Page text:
values are so you can draw the line yourself. So in this particular case, the line would
go here because this one, 10 to the minus 7, that one’s okay, but .006 is just slightly
above our cut-off guide. So everything from there up, we’re going to accept for now, and
everything below, we’re going to reject. We’re going to come back to this point in a minute
because you’ll see in — if you look at these def lines, you see a protein called Prospero
above the line, but you also see some below the line. So we’re going to talk about that
in a minute. Just keep that in mind. All right. We’re now going to imagine we’ve
scrolled further down. We’re now looking at one of the alignments. And so you’ll always
see something like this. At the very top, it tells you what the hit is. So again, here’s
protein Prospero. In this case, the first high-scoring segment pair starts at position
17 of the query that’s aligned with position 317 in the subject, and you can see how the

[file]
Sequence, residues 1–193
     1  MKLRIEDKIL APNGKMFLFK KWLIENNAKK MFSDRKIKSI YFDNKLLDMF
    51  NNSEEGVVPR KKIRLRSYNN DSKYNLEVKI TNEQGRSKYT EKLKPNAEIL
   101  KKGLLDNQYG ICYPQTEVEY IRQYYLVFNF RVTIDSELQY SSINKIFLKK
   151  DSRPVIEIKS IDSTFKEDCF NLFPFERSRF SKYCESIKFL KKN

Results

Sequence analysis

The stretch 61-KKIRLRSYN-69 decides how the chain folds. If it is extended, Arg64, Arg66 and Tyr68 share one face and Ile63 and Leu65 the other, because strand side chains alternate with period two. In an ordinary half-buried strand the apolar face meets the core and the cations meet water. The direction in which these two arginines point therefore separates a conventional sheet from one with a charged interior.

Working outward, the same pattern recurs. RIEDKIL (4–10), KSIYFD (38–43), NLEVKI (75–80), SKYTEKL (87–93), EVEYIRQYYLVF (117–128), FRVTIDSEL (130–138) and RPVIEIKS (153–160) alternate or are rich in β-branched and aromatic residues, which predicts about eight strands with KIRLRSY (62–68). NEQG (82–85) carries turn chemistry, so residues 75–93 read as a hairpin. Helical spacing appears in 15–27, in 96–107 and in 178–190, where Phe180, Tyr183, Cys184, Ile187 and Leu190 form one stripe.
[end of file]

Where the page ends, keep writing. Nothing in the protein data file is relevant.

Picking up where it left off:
numbers go across as you go down. The part to pay particular attention to is right here.
So expect — that’s your E value — again, this one is zero, that one’s good. You see
two metrics here, identities and positives. So identities are the number of exact matches.
Okay? Percent identity. In this case, it’s 100 percent identical. The positives are the
exact matches plus the conservative substitutions. Okay? In this case, because the identity is
100, the positives have to be 100, but we’ll see those numbers changing momentarily. So
here’s where guideline number two comes into play. This is a protein-based search. What
I want you to look for is greater than 25 percent identity between the two sequences.
If it was a nucleotide search, 70 percent or more. Okay? You’ll see that some of these
amino acids are in lower case and grayed out a bit; that represents the low-complexity
regions that we talked about before. So these have been masked out for purpose of the comparison. Now we’re going to pretend again, we’re going
to scroll down just a little bit. This is the bottom of the piece that we just looked
at, ending at position 704. And you’ll notice here, now, is another block of statistics.
But unlike — let’s just go back one real fast — unlike the previous one, we don’t
see any def line information, we don’t see any protein information being given to us.